The World of Mathematics, Volumen 4

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Courier Corporation, 1 ene. 2000 - 464 páginas
Vol. 4 of a monumental 4-volume set covers such topics as mathematical machines, mathematics in warfare, a mathematical theory of art, mathematics of the good, mathematics in literature, mathematics and music, and amusements, puzzles, and fancies. Individual contributions by A. M. Turing, Aldous Huxley, Sir James Jeans, Lewis Carroll, and other notables. Informative commentary by noted mathematics scholar James R. Newman precedes each essay. Numerous figures.
 

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Índice

A Mathematicians Apology
2027
Mathematical Creation
2041
Commentary
2051
The Mathematician
2053
Mathematical Machines Can a Machine Think?
2065
The General and Logical Theory of Automata
2070
Can a Machine Think?
2099
A ChessPlaying Machine
2124
The Law
2268
Mathematics and Music
2273
Commentary
2274
Mathematics of Music
2278
Mathematics as a Culture Clue
2311
Commentary
2312
Meaning of Numbers
2315
The Locus of Mathematical Reality An Anthropological Footnote
2348

Mathematics in Warfare
2135
Commentary
2136
Mathematics in Warfare
2138
Commentary
2158
How to Hunt a Submarine
2160
A Mathematical Theory of Art
2181
Mathematics of Aesthetics
2185
Mathematics of the Good
2197
A Mathematical Approach to Ethics
2198
Mathematics in Literature
2209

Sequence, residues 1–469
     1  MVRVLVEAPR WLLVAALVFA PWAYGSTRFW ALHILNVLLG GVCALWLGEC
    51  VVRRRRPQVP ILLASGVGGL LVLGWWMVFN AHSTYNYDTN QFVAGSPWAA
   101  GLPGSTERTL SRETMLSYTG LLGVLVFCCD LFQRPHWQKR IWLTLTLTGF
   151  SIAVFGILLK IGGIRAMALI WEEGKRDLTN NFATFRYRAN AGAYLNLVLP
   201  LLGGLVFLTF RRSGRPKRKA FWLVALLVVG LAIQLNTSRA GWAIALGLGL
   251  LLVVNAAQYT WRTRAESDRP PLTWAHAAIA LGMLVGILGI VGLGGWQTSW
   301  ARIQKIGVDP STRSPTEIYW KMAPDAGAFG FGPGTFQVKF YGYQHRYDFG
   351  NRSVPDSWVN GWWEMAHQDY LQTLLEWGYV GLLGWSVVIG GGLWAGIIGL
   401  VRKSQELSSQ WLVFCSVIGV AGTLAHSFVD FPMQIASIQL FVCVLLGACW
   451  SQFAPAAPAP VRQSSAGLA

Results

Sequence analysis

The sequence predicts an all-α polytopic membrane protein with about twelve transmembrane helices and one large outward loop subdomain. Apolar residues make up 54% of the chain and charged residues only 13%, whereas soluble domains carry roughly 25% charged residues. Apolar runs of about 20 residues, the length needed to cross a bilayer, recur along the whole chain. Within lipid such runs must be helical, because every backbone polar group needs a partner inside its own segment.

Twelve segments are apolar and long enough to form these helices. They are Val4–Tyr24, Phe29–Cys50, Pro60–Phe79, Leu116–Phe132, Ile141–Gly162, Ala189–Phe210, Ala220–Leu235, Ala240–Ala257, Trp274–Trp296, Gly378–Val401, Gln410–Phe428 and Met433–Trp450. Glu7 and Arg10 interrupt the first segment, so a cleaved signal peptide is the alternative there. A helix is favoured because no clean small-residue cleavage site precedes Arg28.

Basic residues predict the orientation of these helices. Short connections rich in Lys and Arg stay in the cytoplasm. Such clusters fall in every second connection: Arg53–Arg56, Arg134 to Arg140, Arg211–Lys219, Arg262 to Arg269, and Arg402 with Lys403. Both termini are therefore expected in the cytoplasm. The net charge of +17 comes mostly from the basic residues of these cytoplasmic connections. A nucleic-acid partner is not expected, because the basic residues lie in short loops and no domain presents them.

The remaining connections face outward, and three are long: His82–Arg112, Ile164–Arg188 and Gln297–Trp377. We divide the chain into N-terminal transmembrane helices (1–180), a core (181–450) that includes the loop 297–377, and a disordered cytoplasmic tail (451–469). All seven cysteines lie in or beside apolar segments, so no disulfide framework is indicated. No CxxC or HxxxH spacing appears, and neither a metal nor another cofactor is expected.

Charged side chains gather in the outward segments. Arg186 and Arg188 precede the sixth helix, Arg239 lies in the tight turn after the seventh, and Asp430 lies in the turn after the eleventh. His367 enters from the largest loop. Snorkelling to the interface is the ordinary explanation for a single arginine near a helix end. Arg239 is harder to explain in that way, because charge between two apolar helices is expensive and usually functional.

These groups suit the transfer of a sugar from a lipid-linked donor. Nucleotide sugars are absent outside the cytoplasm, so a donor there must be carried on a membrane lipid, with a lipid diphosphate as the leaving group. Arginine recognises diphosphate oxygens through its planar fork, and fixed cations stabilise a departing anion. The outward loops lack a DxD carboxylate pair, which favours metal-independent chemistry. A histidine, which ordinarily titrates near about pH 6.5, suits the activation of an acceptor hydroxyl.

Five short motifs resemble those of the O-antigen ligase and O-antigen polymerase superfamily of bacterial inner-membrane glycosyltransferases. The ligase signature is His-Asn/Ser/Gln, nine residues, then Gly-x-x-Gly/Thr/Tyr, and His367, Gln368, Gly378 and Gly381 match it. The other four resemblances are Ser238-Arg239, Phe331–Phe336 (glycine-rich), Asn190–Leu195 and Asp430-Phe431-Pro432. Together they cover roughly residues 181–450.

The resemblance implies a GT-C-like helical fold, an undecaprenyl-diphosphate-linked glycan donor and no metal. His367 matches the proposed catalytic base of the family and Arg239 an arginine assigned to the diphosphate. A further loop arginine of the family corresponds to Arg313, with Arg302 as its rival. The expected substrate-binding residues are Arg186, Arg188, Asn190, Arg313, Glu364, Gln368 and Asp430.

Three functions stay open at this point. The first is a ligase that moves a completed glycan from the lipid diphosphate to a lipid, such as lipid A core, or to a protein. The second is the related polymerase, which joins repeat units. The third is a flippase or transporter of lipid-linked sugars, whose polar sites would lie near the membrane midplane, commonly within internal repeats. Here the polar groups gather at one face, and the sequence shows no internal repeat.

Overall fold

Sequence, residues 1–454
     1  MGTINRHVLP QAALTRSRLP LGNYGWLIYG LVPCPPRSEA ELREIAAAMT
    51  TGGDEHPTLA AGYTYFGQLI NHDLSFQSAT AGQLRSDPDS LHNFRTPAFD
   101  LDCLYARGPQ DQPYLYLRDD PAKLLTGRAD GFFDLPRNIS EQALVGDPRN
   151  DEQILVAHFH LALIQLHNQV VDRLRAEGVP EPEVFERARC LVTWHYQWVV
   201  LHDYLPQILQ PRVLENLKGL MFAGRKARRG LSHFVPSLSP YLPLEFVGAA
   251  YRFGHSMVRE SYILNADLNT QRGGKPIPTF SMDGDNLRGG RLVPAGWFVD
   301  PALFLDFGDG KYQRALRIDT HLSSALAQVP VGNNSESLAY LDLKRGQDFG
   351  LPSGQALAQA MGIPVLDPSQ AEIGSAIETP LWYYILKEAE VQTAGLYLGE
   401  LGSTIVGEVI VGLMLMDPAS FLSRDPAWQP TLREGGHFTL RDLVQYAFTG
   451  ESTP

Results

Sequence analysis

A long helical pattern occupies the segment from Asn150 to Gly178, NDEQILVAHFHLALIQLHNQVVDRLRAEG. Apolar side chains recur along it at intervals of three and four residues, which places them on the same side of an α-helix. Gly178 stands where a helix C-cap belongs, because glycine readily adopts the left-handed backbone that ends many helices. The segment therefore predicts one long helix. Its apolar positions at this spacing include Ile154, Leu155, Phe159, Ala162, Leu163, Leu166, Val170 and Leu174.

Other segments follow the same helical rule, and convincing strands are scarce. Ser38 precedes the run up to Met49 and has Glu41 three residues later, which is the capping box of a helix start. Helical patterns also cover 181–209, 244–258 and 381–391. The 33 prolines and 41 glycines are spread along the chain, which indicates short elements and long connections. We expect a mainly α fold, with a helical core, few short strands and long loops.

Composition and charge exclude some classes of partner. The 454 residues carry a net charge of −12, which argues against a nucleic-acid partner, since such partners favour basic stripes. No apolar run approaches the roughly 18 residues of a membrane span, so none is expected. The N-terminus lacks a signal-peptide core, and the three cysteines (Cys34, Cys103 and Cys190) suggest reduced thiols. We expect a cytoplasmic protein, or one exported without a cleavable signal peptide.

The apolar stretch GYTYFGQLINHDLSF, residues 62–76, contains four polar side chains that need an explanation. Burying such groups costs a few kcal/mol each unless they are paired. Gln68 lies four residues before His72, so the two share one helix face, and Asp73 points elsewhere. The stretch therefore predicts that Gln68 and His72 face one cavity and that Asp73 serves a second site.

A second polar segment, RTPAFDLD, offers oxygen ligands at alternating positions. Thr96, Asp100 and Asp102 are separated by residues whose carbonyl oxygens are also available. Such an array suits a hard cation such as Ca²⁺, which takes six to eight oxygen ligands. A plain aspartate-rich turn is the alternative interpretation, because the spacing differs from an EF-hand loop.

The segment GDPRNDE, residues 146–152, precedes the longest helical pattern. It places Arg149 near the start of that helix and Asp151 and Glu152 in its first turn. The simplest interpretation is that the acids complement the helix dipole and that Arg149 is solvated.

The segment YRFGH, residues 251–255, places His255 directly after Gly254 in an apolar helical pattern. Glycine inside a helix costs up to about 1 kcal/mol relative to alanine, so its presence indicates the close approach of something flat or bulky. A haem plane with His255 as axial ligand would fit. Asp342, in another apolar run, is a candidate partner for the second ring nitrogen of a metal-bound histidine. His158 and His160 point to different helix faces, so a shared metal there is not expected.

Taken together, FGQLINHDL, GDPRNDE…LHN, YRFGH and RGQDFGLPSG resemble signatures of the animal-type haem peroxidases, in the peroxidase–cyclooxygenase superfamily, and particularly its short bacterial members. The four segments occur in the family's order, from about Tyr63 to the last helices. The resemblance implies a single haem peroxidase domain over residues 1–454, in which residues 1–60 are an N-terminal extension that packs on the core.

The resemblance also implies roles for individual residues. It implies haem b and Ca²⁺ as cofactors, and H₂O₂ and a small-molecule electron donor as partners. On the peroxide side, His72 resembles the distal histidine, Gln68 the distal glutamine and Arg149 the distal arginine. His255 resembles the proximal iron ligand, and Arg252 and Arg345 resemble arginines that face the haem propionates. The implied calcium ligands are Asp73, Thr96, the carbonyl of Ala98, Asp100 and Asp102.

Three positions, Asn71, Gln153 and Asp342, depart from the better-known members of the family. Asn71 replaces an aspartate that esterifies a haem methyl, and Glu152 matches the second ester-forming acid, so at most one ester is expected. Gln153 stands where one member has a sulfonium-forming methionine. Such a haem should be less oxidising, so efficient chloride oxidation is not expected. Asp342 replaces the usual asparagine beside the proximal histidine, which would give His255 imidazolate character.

Commentary
2210
Cycloid Pudding
2214
Commentary
2221
Young Archimedes
2223
Commentary
2250
Geometry in the South Pacific
2252
Commentary
2261
Inflexible Logic
2262
Amusements Puzzles Fancies
2365
Commentary
2366
Assorted Paradoxes
2369
Flatland
2385
Commentary
2397
What the Tortoise Said to Achilles and Other Riddles
2402
Commentary
2410
The Lever of Mahomet
2412
Commentary
2414
Pastimes of Past and Present Times
2416
I
2449
II
2450
IV
2455
V
2456
VII
2460
IX
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Sobre el autor (2000)

James R. Newman's World of Mathematics
James R. Newman (1907–1966) was a rare mathematician who was also a lawyer who held several administrative positions in the United States government during and after World War II, including Chief Intelligence Officer at the US Embassy in London. His mammoth four-volume World of Mathematics was first published in 1956 and reprinted by Dover in 2000. It represented the culmination of a fifteen-year effort by Newman, in his later years as a member of the Editorial Board of Scientific American, to assemble in one publication what he considered the most important essays in the field. It's the book that has introduced generations of students to the range and extent of mathematical literature.

In the Author's Own Words:
"The Theory of Groups is a branch of mathematics in which one does something to something and then compares the result with the result obtained from doing the same thing to something else, or something else to the same thing."

"The discovery in 1846 of the planet Neptune was a dramatic and spectacular achievement of mathematical astronomy. The very existence of this new member of the solar system, and its exact location, were demonstrated with pencil and paper; there was left to observers only the routine task of pointing their telescopes at the spot the mathematicians had marked." ? James R. Newman

Critical Acclaim for The World of Mathematics:
"Others with bigger and now whetted appetites will no doubt regard this book as a generous hors d’oeuvre and obtain additional fare by pursuing the numerous recommendations made by the author." ? Morris Kline, New York Herald Tribune Book Review

"Promises to be the most frequently used reference book on mathematics, as well as a delight to readers with a wide range of backgrounds." ? J.G. Kemeny, The New York Times

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